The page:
My clients showed me that there was hope in dark times. We laughed in the pit of their hopelessness–deep, honest belly laughs of those who have faced terror down and lived to breath again.
Husbands and wives took gentle care to express the hidden longing to love, but the very surface fear of rejection. Individual clients saw a part of themselves they had long orphaned long for compassion and they extended care to themselves. To witness such gentle connection and reconnection creates a one’s own soul hunger for connection.
And gradually this soul hunger turned into a body hunger that felt right. Gradually, the fear subsided to the point that hunger no longer needed to overpower it. Gradually, the joy of living meant celebrating with food and laughter and love.
And gradually, the pounds came back on to a healthier level. Gradually, I was hungry at mealtime and it made sense to eat.
I didn’t get better because of looking at the food, by talking about the food, by weighing myself. I got better because of connection.
I came close, but likely never met the criteria for Anorexia Nervosa. But it’s fair to say that I have a compassion at a deeper level than I did before the winter of horror happened.
The disordered eating is a problem, to be sure, when medical issues occur.
The much greater issues of eating disorders are the fear of discovery, the secrets, the compelling urge to hide, the agony of self-loathing, the unsuccessful drive for perfection and the discouragement of working terribly hard to feel better and feeling worse than ever.
In our offices, we work with folks (often, but not nearly always women) who long to figure out the sh*t behind the food stuff. To see the hopelessly painful logic of dysregulated eating:
And also in our offices, we celebrate victories with the clients who work to have a different relationship with themselves and with others…that can, over time, transform their relationship with food. I read Glennon Doyle Melton’s best selling book, Love Warrior this week and read this gem:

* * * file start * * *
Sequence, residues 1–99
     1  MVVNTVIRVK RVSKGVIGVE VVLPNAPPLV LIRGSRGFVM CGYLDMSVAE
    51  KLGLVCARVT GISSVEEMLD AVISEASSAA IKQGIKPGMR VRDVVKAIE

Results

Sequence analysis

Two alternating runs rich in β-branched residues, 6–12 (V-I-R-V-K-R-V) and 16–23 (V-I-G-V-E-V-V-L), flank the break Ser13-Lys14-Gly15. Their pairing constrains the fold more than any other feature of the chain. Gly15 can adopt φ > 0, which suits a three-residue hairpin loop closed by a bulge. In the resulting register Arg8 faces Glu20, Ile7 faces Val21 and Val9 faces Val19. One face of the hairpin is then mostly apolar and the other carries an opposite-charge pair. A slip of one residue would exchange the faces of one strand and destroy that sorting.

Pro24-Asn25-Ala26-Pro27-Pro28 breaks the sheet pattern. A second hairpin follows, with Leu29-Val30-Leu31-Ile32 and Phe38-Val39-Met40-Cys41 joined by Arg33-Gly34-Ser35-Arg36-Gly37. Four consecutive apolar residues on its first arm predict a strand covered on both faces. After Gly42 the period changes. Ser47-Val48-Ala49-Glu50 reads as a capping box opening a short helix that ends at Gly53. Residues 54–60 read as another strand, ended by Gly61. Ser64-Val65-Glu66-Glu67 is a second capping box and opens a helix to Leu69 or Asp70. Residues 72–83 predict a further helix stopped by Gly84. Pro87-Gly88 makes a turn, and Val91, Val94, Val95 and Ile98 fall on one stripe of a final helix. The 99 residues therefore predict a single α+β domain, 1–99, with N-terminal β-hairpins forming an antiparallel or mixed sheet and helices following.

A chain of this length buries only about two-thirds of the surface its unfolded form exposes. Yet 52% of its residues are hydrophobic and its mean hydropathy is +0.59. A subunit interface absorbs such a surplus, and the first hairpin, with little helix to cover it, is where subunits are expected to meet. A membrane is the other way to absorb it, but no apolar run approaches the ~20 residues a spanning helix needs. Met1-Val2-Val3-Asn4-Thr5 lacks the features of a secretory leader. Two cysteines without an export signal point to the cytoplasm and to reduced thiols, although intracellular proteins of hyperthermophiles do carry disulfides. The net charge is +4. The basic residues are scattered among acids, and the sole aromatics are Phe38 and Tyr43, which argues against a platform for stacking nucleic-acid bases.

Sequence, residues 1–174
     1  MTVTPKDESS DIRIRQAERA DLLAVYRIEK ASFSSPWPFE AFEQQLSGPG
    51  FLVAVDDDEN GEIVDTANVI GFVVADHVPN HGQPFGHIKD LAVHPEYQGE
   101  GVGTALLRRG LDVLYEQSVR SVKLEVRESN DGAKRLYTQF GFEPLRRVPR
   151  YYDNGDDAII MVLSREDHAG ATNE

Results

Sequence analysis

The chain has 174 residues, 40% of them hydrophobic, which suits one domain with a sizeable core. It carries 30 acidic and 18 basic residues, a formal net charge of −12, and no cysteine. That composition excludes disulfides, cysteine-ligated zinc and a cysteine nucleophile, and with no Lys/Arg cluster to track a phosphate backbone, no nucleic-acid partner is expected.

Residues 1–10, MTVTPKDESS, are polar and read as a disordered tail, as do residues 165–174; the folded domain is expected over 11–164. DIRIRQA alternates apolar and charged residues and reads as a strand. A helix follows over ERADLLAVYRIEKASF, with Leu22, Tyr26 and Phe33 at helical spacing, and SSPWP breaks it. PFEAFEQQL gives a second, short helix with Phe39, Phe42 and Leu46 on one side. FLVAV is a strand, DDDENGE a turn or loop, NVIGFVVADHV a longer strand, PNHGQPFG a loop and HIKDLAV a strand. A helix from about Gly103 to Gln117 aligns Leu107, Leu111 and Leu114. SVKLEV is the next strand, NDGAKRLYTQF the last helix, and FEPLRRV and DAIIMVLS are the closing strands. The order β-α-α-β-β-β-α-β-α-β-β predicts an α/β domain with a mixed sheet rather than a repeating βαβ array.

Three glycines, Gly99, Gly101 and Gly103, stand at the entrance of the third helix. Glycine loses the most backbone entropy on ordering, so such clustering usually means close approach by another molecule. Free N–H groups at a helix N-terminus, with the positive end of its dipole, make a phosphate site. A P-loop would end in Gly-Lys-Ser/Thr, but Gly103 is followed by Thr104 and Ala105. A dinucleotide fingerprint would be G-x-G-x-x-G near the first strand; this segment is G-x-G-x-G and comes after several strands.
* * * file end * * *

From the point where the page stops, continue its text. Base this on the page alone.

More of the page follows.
So…all of this to explain the basket in the waiting room.
To show we care…to ponder and think on the connections that we all need and struggle for, we are collaborating with the National Initiative for Eating Disorders. We want to participate in raising awareness for Eating Disorders and for those struggling with Eating Disorders. The basket of purple yard and knitting needles is ready to go…Maryann Friesen casted on for us!
Yesterday, as I sat in the waiting room contributing a row to the scarf, I thought about the scared and lonely folks who watch themselves struggle with their bodies, with food, with self-hatred. I know there is a struggle to find adequate resources with an intensity that can break through the crusty shell of the disorder, and be affordable to those who need the help. Family members live in terror at the ultimate and very real possible outcome of and Eating Disorder: death.
Perhaps, in knitting a row in the waiting room, the smallest connection is made to say,
“I see you. I see your loneliness and your pain. I see your need for warmth and understanding. I see you need connection. I see you. And I knit because I want to be part of the world’s warmth to you.”
The thing of it is this: those that knit are not perfect people living perfect lives in a perfect way at a perfect weight. We also struggle. Some will knit in a state of anxiety, after restless nights and a fearsome day. Some will struggle to knit after yet another long week of struggle in a difficult marriage or overwhelmed in parenting a child. Others will knit because to do something other than think of their lives will be the only way to get through those terrifying moments in the waiting room. Before the fiercely challenging and remarkably life giving reality that is the truth telling of therapy.
As the knitting needle goes inside one loop to gather the yarn to create a another loop, we recognize that the scarf reminds us how we are all connected. Each of us struggles in a unique way that matters.
We knit, knowing the scarf comes to be when the multitude of loops work together, connected.
We knit, because scarves signify connection and warmth. They symbolize caring, and the desire to protect another from the harsh elements of life.
We knit because we care.